CALinnovates’ position is that only through an open bidding process can consumers, broadcasters, innovators, and the U.S. government receive the greatest benefit from the incentive auctions.
Thirteen tech industry leaders joined CALinnovates in this call to action, including:
- Speek’s Danny Boice, conference call disruptor
- TRAIL’s Josh Bradley, digital literacy advocate
- Entrepreneur Daniel Brusilovsky, founder of Teens in Tech Labs
- Conjectur’s co-founder Christopher Roy Correa, mobile loyalty & rewards guru
- Velocity Venture Capital’s Jack Crawford, investor & Kauffman Fellow
- Entrepreneur & Thiel Fellow Mark Daniel
- Stacey Ferreira, Entrepreneur & co-founder of MySocialCloud
- EdTech Leader & CEO of On Campus Media Scott Krantz
- Global IT & Cloud Expert Lloyd Marino
- Disruptive online polling startup founder Taylor Peck of iSideWith.com
- Kit CEO Michael Perry, builder of an innovative CRM system
- Open Gov Advocate and Tech PR Guru Brian Purchia
- Appallicious Founder & CEO Yo Yoshida, Godfather of the Civic Startup world
Marc Andreessen, the biggest name in venture capital, has been on a roll lately lighting up Twitter and blogging like never before.
Andreessen, the founder of Netscape, has achieved cult-like status in Silicon Valley and, perhaps, the country for his multiple billion-dollar exits as an entrepreneur and the investments his firm Andreessen Horowitz made in startups like Twitter, Facebook, Pinterest and Skype. He’s a rock star not only in the tech industry, but in the world of business.
So when Andreessen shares his thoughts, we’d all be smart to pay attention. As case in point, a recent post on the firm’s website by Andreessen examines the role of timing when it comes to investing in innovation.
The post, which is profound in its grasp of the tech marketplace, reflects on Apple’s Newton — a precursor to the iPad — and why it failed in the marketplace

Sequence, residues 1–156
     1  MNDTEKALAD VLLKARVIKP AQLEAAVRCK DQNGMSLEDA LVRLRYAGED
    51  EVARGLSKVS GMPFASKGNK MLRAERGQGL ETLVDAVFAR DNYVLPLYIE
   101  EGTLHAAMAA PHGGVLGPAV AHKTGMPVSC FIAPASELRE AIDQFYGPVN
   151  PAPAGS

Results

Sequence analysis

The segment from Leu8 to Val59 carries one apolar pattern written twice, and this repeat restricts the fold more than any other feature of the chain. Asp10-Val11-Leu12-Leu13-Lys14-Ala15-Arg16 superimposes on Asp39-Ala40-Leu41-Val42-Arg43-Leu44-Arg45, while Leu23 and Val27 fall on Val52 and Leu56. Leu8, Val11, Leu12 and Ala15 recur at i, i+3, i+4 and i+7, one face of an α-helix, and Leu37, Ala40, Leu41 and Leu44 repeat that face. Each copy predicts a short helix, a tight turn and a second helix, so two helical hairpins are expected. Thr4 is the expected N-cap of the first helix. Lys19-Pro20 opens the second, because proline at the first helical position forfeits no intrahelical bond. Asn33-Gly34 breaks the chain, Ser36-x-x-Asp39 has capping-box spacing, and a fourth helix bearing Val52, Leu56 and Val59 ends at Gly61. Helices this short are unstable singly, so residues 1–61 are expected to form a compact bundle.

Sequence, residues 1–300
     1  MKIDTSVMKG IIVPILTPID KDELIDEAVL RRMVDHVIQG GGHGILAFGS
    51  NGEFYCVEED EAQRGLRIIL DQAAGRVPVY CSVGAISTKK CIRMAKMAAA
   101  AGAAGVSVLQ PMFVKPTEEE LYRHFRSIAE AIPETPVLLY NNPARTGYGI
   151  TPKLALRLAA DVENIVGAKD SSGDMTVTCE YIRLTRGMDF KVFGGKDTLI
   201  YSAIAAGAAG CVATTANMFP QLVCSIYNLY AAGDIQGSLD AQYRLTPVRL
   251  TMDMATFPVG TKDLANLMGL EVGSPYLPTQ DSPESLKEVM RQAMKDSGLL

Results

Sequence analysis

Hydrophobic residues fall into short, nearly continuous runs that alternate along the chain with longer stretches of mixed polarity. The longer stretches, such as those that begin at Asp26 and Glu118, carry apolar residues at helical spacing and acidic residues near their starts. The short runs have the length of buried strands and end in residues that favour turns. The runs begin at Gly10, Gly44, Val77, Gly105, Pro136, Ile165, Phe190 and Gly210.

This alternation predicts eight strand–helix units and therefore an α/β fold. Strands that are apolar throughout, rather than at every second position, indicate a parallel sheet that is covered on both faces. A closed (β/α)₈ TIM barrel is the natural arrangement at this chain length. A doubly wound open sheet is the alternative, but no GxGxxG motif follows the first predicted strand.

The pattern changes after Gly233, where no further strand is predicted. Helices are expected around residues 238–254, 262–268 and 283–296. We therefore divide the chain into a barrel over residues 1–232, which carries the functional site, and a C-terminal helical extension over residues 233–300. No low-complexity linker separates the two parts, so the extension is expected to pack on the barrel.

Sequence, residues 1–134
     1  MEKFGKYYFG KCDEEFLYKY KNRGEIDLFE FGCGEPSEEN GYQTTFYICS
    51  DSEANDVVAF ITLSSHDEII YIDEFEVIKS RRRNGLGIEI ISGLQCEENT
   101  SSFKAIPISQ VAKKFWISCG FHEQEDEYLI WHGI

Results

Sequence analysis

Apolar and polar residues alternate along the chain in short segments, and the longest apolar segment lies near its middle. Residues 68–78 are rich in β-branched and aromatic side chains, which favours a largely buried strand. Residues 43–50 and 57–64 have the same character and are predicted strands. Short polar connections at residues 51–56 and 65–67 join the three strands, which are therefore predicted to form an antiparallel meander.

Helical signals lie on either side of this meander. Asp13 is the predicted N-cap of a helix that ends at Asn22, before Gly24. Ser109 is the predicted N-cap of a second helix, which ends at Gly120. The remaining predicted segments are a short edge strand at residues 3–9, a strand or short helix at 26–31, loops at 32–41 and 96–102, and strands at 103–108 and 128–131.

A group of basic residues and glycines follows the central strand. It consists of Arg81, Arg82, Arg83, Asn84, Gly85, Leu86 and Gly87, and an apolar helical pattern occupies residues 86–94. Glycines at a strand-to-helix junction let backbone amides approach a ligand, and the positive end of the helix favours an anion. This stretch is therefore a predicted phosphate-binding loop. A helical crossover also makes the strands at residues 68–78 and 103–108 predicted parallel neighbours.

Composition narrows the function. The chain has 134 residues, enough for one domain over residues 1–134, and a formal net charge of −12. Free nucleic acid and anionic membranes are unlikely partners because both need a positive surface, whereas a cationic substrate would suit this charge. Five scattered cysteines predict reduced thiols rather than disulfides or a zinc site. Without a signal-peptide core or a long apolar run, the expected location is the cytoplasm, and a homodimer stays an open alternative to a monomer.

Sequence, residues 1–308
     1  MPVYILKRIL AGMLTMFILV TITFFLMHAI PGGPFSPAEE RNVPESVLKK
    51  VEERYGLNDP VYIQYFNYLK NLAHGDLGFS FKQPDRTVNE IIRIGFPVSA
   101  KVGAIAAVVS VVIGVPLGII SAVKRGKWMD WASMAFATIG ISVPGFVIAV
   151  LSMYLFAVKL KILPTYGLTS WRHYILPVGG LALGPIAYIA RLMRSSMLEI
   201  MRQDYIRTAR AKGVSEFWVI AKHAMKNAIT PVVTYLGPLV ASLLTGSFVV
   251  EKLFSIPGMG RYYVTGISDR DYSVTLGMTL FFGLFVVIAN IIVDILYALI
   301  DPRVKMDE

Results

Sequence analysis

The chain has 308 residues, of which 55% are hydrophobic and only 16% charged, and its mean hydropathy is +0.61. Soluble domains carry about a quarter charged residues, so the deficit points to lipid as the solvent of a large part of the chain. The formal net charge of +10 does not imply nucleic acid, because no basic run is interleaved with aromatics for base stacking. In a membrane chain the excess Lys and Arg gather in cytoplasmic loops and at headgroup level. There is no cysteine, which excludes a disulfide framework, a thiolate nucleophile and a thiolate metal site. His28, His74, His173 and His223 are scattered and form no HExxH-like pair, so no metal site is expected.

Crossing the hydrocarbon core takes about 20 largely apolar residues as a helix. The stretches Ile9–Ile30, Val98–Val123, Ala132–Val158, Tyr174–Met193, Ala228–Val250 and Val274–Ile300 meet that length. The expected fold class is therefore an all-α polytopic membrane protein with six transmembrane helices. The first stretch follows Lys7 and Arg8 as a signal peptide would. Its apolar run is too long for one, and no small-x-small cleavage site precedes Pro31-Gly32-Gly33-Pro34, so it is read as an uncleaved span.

Read the full article on Daily Kos
Larry Downes and Paul Nunes, authors of the seminal book Big Bang Disruption, which details how to strategically navigate our digital world, wrote that every industry is ripe for disruption, even an industry that is currently disrupting another industry. For example: ridesharing.
Ridesharing has caught fire in the U.S. Want to catch a ride in an open seat in someone’s private vehicle? It’s as simple as tapping your smartphone app.
Competition is alive and well in the rideshare industry. In alphabetical order, the three dominant players in the game are Lyft, Sidecar and UberX. Each differentiates itself in its own unique way. I frequently use all three services.
Read the full article on Daily Kos
“The road to failure is often paved with good intentions,” famed writer Samuel Johnson might have said.
Just ask Riverside, California. Back in 2006, the city set out to build a municipal Wi-Fi network for its citizens. But a severe lack of interest from customers prompted the city’s original communications partner to pull away from the project. The city scrambled to find resources to build and maintain the network, ultimately costing residents more than $700,000 per year for a network to live up to the hype. the Wi-Fi network never even reached two-thirds of the population and has been described as obsolete.
In other words, the good intentions from Riverside officials have resulted in a costly, and failed, experiment on the taxpayer’s dime.
Read the full article on Tech Zulu
AT&T announced its intentions to conduct beta tests to transition consumers to Internet Protocol networks (aka the IP Transition) in Alabama and Florida. We are thrilled for Carbon Hill, Alabama and West Delray Beach, Florida as the potential first two all-IP test cities in America. Perhaps in a few years we may refer to Carbon Hill as Silicon Hill, the next new hotbed of digital innovation.
As you know, CALinnovates has long been a strong proponent of a modernization of our nation’s communications infrastructure, and today marks another important step down this critical path. Earlier this year, I called the transition “the beginning of the next great digital transformation in our nation’s history.” Well, these beta tests are the next phase of the transition, as it’s important to make the transition in a smart way that protects key core values such as universal connectivity, consumer protection, network reliability and public safety.
I had a chance to talk to a few of our members about today’s news, and I think you’ll find their insights illuminating.